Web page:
Founder Profile

Amy Errett

Madison Reed

For meeting the massive demand to bring hair color inside women's homes.

Amy Errett passed on Dollar Shave Club as a venture capitalist. After seeing it explode, she thought, ‘What is the equivalent gap in at-home beauty for women?’--something they already wanted to do but that wasn’t that hard to learn. Errett settled on hair color, and created a hair dye without things like ammonia and parabens. She named the product Madison Reed after her daughter and launched the company in 2013. It makes its hair color in Lombardy, Italy—one of the hardest-hit regions of the pandemic. At the same time, demand skyrocketed. Without hair salons, people were forced to take their hair color into their own hands--or leave their screen off on Zoom. In May 2020, she says, “We were selling a box of hair color every five seconds.” They had to make free hand sanitizer for the Italian government to get permission to continue to export product. “And so it was just four o'clock in the morning calls, every single morning for six, seven months,” she says. While meeting demand, Errett took care of her people, retraining 100 employees in physical stores in the U.S. for customer service rather than letting them go. The company added mental health benefit TalkSpace and telehealth services and offered online teachers for employees' kids in September 2020 to try to mitigate challenges presented by the pandemic, from post traumatic stress to losing daycare. “Those were easy decisions to make," Errett says. "You can't decide that when things get tough, it's not expedient to help people.”--Gabrielle Bienasz

Company Information
Industry
Consumer Products
Year Founded
2013
Location
San Francisco, California
Industry
All Things Consumer
Inc. Honors
Inc. Female Founders
2021, 2019

Dying your hair is either a big expense at a salon or a gamble at home, and Amy Errett is tackling this problem head on. After starting her career in investment banking, she saw her entrepreneurial opportunity when her wife asked her to pick up a box of hair dye. Errett was shocked at the ingredients that would be going onto her loved one’s head. In 2014, her Madison Reed began direct-to-consumer sales of hair dye made without ammonia and parabens, and she helped users match their color with online augmented reality tools. Two years ago, the San Francisco-based company branched out from online sales to a network of color bars where customers can pay a stylist about $60 to help with the application, half the cost of a typical salon. (The dye costs $26.50 a bottle.) Madison Reed products are also for sale in all of beauty retailer Ulta’s stores. The company has raised $121 million in fundraising to date from investors including Norwest Venture Partners and Danny Meyer of Shake Shack and will have a dozen color bars in New York, California, and Texas by the end of the year. Next up: color bar franchises. Errett expects at least 500 to open within four years. She says: “I’m hell bent on changing this industry, not just having the best product.” --Anna Meyer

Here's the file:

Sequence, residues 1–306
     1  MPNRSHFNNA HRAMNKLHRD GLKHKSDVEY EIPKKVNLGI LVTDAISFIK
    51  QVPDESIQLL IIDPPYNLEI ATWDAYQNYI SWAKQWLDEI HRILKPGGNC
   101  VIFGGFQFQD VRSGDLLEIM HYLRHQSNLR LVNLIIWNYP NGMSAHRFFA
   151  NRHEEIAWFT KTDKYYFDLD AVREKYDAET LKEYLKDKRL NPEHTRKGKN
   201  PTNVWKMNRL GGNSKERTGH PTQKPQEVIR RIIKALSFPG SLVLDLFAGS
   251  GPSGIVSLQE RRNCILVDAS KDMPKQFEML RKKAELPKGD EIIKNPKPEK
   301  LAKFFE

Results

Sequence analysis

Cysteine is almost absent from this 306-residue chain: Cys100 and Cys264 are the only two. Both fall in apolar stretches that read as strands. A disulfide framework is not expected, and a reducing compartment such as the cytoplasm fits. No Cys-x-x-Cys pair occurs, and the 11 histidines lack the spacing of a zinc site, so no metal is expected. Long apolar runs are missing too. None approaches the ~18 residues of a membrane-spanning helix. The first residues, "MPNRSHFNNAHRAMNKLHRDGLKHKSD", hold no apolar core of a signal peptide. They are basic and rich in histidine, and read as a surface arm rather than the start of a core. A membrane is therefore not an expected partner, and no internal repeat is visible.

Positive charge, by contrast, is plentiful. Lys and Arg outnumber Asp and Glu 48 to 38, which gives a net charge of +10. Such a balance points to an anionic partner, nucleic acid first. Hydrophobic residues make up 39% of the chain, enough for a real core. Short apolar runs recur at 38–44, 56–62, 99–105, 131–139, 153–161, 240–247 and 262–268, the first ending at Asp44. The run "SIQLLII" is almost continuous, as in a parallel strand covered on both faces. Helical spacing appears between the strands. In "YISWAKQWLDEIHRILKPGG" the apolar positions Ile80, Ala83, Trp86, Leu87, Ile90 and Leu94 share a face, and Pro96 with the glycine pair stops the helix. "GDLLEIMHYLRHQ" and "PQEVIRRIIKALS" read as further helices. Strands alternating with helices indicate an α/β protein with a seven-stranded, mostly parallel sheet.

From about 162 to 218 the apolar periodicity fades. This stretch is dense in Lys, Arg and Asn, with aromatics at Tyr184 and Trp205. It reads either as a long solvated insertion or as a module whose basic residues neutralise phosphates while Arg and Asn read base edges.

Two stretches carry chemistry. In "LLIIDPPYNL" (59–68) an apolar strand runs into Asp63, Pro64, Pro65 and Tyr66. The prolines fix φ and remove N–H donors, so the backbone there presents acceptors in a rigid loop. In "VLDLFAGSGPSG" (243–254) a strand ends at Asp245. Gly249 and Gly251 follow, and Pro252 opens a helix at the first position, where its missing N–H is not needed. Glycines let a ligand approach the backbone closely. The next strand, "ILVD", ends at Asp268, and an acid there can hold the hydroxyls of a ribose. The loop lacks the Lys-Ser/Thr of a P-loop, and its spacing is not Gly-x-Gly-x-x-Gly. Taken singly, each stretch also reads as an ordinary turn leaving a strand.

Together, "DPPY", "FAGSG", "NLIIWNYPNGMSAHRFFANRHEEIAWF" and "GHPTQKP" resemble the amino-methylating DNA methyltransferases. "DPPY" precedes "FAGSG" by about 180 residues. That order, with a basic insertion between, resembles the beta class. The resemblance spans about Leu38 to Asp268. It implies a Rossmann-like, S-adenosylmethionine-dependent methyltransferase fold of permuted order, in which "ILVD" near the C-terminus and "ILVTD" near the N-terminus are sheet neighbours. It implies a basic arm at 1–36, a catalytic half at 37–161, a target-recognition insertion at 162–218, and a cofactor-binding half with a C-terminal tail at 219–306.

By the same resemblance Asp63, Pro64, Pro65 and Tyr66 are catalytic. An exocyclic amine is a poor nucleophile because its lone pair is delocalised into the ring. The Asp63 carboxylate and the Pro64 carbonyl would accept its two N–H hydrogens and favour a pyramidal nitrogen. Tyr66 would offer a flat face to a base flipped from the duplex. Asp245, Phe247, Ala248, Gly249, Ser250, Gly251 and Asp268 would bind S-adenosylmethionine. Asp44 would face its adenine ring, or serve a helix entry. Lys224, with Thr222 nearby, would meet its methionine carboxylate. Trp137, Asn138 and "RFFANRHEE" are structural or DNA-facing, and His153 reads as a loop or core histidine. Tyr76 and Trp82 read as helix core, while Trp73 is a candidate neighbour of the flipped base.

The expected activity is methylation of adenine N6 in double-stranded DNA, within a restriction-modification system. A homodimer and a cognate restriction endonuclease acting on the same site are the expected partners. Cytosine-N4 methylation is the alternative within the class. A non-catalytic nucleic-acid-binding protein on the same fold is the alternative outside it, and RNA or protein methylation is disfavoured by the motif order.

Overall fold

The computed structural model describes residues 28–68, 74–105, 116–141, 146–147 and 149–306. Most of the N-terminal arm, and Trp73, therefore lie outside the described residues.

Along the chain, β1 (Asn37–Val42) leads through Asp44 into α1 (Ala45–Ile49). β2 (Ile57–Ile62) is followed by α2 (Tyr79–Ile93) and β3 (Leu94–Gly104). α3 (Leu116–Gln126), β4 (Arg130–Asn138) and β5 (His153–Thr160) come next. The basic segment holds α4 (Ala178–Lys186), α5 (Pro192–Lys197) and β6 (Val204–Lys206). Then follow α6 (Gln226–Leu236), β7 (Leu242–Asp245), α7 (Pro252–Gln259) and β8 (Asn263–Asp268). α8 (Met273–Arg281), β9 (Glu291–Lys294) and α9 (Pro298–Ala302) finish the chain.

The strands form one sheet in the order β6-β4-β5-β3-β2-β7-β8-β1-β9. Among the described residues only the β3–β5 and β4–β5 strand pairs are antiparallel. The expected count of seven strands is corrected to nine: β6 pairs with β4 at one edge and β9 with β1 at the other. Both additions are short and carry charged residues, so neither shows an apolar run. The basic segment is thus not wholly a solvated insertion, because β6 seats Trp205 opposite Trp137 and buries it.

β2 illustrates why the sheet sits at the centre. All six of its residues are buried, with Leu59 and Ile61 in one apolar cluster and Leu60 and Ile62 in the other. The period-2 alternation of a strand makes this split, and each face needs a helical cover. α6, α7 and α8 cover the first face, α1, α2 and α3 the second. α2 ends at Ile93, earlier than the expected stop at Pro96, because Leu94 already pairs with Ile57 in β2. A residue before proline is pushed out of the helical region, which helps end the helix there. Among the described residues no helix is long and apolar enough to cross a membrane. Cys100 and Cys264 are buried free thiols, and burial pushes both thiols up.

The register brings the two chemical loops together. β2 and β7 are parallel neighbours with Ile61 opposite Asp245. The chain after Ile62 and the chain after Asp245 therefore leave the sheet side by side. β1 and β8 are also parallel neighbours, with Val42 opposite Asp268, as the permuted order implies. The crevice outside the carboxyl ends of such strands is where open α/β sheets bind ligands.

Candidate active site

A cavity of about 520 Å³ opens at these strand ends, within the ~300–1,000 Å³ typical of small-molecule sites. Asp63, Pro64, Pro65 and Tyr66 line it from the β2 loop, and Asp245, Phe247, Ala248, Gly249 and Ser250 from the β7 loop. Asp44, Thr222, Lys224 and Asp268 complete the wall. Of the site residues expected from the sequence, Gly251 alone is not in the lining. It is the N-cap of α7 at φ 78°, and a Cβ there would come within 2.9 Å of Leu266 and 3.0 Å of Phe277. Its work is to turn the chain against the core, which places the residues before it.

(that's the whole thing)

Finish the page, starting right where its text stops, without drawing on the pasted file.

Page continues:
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Alexandra Fennell

Attn: Grace

For designing a better way to age gracefully.

Alexandra Fennell and Mia Abbruzzese, the two co-founders of Attn: Grace, are not only just running a business together. The married couple launched the company last year while raising their four young children in the middle of a pandemic. Attn: Grace sells a line of incontinence care products for women over 50, a demographic constantly overlooked by industries ranging from fashion to beauty to health care. The company launched in June 2020, and offers pads, wipes, briefs, and liners. Fennell says it plans on launching an anti-rash skin cream in the near future.

In customer testimonials, Fennell says she noticed many older women had become so used to limited and drab options for personal hygiene products that they simply didn’t expect anything better to come along. Which is why there’s a bigger mission behind Attn: Grace: The company hopes to show that getting older should be a cause for celebration. “I'd like to think that we're going to help start a movement to really shift how we perceive the latter stages of life,” says Fennell.--Amrita Khalid

Company Information
Industry
Retail
Location
Boston, Massachusetts
Inc. Honors
Inc. Female Founders
2021

Jaclyn Fu

Pepper

For making small-chested women look and feel beautiful.